We’re living through a golden age in podcasting — that perfect sweet spot where the general public has started to recognize the form, creators are expanding its possibilities, and there isn’t so much money in play that the speculators and non-enthusiasts have swept in to ruin it like… well, like most other things on the internet.
For now, podcasts are almost exclusively created by and for the people who love them, supported sometimes by ads, but even more often by people paying specifically for that content. It’s a refreshingly simple model. So enjoy this brief period of podcasting’s adolescence while it lasts, and be glad that for now we only have the occasional Zip Recruiter live reads to fast forward through.
True crime writing, long-form reporting, documentaries, and radio documentaries have all existed for a long time. But the serialized podcast format is creating all sorts of new opportunities for this brand of reporting and allowing it to be more in-depth than ever before. New stories are being told in unique ways, and — best of all — they’re being heard.
Audio is a more passive medium, in that it doesn’t require your full attention, and you can experience it while you do something else, like drive a car or clean your doll collection. This ability to be experienced on less than full engagement paradoxically makes podcasts more intimate. It’s content you can take with you wherever you go, keeping you company on your commute or in your desperate attempt to tune out coworkers. This quality also allows for more in-depth, more detailed reporting. Storytellers can tell longer-form narratives, some of these lasting up to 10 hours, without worrying that they’re boring people.*
*Though it’s worth mentioning: just because you can make a 10-hour podcast doesn’t always mean you should.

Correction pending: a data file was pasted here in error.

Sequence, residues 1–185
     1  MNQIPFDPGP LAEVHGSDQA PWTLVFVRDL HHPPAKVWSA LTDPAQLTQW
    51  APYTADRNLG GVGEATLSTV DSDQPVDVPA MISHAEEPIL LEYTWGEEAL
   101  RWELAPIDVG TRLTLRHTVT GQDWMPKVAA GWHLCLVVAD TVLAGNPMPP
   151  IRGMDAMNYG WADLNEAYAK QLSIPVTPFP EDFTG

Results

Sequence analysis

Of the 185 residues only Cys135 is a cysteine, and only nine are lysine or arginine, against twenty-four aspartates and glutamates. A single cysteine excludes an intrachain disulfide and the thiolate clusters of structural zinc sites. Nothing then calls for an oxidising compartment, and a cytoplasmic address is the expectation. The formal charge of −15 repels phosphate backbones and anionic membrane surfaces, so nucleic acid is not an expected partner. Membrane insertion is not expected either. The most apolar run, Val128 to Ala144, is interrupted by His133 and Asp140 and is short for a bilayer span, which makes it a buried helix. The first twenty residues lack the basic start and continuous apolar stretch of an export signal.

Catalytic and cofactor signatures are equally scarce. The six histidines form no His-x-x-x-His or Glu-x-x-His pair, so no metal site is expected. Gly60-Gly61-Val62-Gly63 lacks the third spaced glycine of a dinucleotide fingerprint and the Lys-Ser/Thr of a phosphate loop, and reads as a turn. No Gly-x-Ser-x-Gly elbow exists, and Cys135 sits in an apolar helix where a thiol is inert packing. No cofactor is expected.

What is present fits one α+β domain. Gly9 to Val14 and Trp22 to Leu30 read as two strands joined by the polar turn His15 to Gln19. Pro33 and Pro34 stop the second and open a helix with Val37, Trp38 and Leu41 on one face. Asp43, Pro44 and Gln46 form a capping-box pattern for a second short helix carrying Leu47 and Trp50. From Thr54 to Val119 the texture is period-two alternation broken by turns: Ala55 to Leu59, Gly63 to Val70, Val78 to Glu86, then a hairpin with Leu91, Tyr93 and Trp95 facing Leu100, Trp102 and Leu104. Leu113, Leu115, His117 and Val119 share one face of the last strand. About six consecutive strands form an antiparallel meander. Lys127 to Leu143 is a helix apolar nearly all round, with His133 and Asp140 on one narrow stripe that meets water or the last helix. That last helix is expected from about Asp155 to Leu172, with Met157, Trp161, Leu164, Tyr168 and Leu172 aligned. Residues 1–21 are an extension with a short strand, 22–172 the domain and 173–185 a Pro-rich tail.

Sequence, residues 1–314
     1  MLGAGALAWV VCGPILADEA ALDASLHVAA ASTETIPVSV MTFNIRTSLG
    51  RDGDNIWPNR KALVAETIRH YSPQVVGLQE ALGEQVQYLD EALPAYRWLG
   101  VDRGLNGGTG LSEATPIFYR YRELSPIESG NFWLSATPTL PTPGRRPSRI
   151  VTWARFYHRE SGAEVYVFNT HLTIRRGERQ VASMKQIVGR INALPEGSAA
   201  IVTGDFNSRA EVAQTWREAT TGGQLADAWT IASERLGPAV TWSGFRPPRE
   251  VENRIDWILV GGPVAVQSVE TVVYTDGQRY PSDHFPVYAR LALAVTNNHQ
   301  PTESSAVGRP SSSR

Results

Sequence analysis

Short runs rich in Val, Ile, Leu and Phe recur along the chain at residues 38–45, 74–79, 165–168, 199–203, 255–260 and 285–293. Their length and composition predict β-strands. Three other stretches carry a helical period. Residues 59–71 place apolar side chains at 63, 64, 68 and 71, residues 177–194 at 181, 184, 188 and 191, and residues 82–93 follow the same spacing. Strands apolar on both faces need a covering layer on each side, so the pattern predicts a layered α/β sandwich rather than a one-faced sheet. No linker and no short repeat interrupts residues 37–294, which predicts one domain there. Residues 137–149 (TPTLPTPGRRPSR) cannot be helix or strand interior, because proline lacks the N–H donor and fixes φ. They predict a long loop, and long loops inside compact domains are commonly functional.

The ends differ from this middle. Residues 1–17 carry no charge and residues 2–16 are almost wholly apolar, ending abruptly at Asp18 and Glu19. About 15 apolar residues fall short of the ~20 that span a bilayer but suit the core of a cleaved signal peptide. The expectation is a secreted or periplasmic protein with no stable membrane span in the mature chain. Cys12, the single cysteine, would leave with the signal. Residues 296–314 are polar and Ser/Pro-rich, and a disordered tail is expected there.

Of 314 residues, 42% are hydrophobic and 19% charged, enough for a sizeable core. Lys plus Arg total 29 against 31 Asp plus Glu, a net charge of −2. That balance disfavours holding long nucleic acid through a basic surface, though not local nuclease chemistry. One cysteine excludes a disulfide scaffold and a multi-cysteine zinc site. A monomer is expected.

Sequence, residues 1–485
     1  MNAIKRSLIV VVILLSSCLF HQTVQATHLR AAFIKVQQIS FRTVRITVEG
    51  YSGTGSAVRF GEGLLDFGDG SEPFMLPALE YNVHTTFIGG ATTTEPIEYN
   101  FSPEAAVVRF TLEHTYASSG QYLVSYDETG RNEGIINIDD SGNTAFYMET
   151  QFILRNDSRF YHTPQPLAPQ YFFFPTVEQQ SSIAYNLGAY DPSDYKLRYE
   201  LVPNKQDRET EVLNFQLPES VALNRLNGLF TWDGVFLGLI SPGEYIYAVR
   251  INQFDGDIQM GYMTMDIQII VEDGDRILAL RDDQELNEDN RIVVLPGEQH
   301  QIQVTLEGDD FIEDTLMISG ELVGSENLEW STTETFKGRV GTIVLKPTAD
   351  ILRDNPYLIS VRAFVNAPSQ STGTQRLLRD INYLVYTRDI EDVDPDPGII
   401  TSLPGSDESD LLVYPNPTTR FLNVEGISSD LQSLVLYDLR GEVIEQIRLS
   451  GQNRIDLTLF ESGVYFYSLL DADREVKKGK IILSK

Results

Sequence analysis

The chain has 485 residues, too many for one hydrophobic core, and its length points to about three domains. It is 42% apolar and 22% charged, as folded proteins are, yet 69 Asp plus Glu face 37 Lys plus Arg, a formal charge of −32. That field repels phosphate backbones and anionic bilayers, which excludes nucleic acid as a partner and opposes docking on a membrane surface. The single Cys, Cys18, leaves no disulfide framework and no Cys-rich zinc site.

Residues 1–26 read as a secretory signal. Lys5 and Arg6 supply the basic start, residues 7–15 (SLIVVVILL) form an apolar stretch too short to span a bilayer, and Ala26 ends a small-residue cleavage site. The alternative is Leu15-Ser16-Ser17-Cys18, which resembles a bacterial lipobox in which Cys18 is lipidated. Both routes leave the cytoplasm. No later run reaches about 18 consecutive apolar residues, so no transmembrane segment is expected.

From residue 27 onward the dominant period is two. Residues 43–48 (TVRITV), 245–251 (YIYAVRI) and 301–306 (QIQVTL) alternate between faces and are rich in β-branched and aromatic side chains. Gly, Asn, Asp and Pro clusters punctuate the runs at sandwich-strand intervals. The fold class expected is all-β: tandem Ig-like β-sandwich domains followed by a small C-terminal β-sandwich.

At the close of 2018, we’re seeing incredible advocacy journalism being done in podcasts. Many of these series offer top-notch entertainment, but they’re also Important. I don’t expect it will always be this way. Here are some of my hopes for the medium going forward:
1. Let audio be audio.
One of the most obnoxious trends in podcasts right now is the push to turn podcasts into “soundscapes.” Some shows do it better than others, and there are certainly some soundscape-y pods on this list, but the reason the medium is popular in the first place is that there is a simple power and pleasure in listening to a single human voice. It’s fine for a podcast to be just that. So many podcasts are starting to add unnecessary sound effects, pointless music, and conspicuous edits that I’m reminded of that Simpsons episode where Homer learns to edit video. “You know there are other transitions besides a star wipe, right?”
It’s crass enough that we have to listen to your live reads about mattresses in the middle of the story of someone’s wife’s murder, don’t double down by adding some god awful slowed-down cover to “set the mood.” If the story alone isn’t sufficient to set the mood, fix the story.
2. Understand the responsibility
A good investigative podcast can help solve a murder or get someone wrongly convicted out of prison. A bad one can get an innocent person fired, run out of town, etc., and solely because he seemed like he might be the killer for half an episode. Maybe finish running down a lead before you post it, just in case. As Jon Ronson put it, “don’t use narrative dead ends for dramatic tension.”
3. Don’t rush it
Closely related to number two. Sometimes a story takes a few years to report. That’s a long time! Not every reporter or outlet can afford to pursue a story for that long, and not every story has closure. We’re blessed to have so many reporters willing to spend years working the same story. But as the medium becomes more lucrative, it’s easy to imagine people throwing bigger money at shows and demanding faster results. That could be disastrous.
4. Use your damned voice
Maybe it’s because so many of the best podcasts are coming from public radio right now and these criticisms have probably all been made before in that context, but… what is it with hosts who talk like they’re trying not to wake a baby in the next room? It’s an epidemic in podcasting. There’s nothing more infuriating than listening to a host try to mimic broad, newscaster-y inflections while speaking in a quavery half-whisper. You don’t have to be the morning zoo guys, but maybe find a happy medium?
Now then, to the “Best Of” list!